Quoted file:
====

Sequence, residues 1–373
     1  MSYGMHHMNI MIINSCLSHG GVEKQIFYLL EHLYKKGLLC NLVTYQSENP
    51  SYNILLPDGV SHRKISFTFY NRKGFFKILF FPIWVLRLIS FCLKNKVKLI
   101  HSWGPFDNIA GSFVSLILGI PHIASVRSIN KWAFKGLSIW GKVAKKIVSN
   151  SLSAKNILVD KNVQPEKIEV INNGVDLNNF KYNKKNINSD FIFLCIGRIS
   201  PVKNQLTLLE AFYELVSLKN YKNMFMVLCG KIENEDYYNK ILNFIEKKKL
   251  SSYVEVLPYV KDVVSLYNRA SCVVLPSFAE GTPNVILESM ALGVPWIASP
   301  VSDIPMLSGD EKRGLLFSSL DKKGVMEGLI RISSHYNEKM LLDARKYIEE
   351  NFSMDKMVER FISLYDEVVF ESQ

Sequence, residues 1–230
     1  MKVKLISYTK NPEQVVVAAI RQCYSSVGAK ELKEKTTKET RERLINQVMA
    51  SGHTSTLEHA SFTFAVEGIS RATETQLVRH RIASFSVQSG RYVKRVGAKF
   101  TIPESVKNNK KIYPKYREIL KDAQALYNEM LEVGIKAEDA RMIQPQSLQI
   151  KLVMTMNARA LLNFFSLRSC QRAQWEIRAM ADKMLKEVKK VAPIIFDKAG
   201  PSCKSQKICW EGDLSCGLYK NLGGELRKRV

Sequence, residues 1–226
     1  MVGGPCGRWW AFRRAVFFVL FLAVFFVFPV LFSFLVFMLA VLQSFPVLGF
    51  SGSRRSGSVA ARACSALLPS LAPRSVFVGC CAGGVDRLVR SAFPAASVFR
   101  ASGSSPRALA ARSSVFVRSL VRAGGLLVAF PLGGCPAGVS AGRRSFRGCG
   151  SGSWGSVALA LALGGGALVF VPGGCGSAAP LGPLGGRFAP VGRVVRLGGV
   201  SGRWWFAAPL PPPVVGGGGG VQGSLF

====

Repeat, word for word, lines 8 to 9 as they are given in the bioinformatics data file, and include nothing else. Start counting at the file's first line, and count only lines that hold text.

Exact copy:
   301  VSDIPMLSGD EKRGLLFSSL DKKGVMEGLI RISSHYNEKM LLDARKYIEE
   351  NFSMDKMVER FISLYDEVVF ESQ